Demon Gaze Extra Review (Switch)
For me, one of the most pleasant surprises of 2021 was Saviors of Sapphire Wings, a remake of the 2010 Japan-exclusive dungeon crawler known as Students of the Round. So when I heard that its 2013 Vita “sequel” (more on this later) would be coming to Switch in 2022, I just had to play it.
Being the newest of the two titles, I assumed that Demon Gaze Extra would take the formula laid out by Saviors and more or less improve upon it. Although this is true to some extent, many key aspects have seemingly taken several steps back in terms of quality and design compared to its predecessor.
Demon Gaze Extra takes place many millennia after the events of Saviors of Sapphire Wings. It’s not a direct sequel, but does share the same general universe and some minor ties to one another (but not to the extent that you have to play one to play the other). The player assumes the role of Oz, a Demon Gazer who is rescued from the depths of a monster-infested dungeon by Lancelona, an injured, but still quite capable Demon Gazer. Demon Gazers are a rare breed – half human, half demon beings that are the only ones capable of defeating and capturing other demons to do their bidding.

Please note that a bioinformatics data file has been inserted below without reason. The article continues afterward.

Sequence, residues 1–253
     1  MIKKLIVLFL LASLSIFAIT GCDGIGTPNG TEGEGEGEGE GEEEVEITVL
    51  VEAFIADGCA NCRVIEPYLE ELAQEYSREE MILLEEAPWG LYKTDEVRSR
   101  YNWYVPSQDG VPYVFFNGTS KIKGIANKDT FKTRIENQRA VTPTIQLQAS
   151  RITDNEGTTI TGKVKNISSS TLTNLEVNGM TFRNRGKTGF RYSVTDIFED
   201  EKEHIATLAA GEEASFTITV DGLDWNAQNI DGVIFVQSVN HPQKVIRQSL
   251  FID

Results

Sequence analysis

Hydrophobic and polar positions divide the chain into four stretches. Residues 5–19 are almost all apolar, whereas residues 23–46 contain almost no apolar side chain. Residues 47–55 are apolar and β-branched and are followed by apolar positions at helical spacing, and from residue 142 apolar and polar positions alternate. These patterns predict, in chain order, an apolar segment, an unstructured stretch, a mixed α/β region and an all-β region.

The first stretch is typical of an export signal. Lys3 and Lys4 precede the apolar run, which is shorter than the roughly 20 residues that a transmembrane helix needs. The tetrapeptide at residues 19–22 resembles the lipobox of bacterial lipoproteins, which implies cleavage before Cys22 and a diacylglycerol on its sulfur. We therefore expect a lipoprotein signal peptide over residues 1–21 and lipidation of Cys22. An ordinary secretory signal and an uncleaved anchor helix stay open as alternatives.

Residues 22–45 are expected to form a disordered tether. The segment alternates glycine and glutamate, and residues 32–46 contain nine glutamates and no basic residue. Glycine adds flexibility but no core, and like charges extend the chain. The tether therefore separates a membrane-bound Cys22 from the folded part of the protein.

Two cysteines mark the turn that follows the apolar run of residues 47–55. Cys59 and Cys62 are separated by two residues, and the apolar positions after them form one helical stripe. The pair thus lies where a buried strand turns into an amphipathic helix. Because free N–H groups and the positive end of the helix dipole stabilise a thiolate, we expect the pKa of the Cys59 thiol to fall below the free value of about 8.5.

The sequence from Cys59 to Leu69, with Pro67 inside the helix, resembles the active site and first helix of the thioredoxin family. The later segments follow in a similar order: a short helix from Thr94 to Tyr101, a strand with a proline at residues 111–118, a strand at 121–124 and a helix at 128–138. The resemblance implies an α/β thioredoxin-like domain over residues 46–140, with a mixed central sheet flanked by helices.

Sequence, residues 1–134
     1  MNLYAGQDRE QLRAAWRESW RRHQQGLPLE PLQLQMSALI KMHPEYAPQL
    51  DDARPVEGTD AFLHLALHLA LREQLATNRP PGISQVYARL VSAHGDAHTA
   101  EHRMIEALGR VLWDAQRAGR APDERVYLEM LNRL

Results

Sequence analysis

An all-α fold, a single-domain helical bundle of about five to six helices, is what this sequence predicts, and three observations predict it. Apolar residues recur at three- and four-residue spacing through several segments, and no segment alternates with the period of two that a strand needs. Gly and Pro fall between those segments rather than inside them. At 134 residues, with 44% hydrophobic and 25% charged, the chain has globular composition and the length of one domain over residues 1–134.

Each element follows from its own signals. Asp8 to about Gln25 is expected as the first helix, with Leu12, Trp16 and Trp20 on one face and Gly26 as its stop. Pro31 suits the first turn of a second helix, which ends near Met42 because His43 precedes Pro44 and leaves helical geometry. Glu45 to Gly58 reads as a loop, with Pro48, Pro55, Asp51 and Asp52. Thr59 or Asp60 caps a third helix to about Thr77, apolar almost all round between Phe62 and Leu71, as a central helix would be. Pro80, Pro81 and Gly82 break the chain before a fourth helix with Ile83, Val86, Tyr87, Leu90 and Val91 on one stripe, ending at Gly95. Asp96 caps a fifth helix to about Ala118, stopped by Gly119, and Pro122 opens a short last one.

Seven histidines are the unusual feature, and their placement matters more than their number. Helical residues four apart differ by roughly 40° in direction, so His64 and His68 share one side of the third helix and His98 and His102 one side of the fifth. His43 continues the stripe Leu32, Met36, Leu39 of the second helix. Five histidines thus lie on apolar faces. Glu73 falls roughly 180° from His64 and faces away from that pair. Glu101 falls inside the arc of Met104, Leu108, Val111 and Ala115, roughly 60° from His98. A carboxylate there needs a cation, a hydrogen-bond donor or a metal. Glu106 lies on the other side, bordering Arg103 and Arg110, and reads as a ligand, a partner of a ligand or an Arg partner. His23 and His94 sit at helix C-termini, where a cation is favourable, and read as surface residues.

This is a good thing, considering the world of Mislid is completely overwhelmed by the presence of demons that were unleashed in an incident prior to the events of the game. Now owing a debt to Lancelona and her comrades of the Dragon Princess Inn – one of the remaining safe havens in all of Mislid – Oz agrees to help the group of survivors in defeating and sealing the demons before they succeed in resurrecting the lord of darkness, Sol.
Despite featuring a serious narrative, Demon Gaze Extra injects far more humor into its tale than it does focusing on the dark subject matter. Whereas many games feature one or two characters that are beacons for comic relief, this game has virtually every character dishing it out equally.
Comic relief is crucial to any narrative, but there is a balance to be struck and Demon Gaze Extra completely misses its mark. Most of these characters are way over-the-top with their deliveries and come across as rather childish instead of genuinely witty or clever. The few characters that aren’t quite as heinous in that regard are instead used to deliver some awkward, often out-of-place fan service (for my tastes).